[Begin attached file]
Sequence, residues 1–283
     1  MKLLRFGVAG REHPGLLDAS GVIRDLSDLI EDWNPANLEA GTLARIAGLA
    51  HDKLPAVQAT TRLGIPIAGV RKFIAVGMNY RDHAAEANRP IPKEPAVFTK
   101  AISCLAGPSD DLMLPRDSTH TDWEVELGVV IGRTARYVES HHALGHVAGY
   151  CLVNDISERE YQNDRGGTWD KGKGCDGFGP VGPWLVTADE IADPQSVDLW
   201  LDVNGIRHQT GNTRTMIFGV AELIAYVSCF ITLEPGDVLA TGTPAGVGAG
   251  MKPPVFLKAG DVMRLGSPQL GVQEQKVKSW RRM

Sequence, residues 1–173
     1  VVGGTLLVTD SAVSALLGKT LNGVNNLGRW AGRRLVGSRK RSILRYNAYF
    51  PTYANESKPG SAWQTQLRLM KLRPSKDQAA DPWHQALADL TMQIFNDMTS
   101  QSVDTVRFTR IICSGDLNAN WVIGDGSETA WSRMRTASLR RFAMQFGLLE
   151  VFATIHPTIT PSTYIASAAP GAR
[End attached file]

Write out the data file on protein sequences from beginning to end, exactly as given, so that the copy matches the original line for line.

Sequence, residues 1–283
     1  MKLLRFGVAG REHPGLLDAS GVIRDLSDLI EDWNPANLEA GTLARIAGLA
    51  HDKLPAVQAT TRLGIPIAGV RKFIAVGMNY RDHAAEANRP IPKEPAVFTK
   101  AISCLAGPSD DLMLPRDSTH TDWEVELGVV IGRTARYVES HHALGHVAGY
   151  CLVNDISERE YQNDRGGTWD KGKGCDGFGP VGPWLVTADE IADPQSVDLW
   201  LDVNGIRHQT GNTRTMIFGV AELIAYVSCF ITLEPGDVLA TGTPAGVGAG
   251  MKPPVFLKAG DVMRLGSPQL GVQEQKVKSW RRM

Sequence, residues 1–173
     1  VVGGTLLVTD SAVSALLGKT LNGVNNLGRW AGRRLVGSRK RSILRYNAYF
    51  PTYANESKPG SAWQTQLRLM KLRPSKDQAA DPWHQALADL TMQIFNDMTS
   101  QSVDTVRFTR IICSGDLNAN WVIGDGSETA WSRMRTASLR RFAMQFGLLE
   151  VFATIHPTIT PSTYIASAAP GAR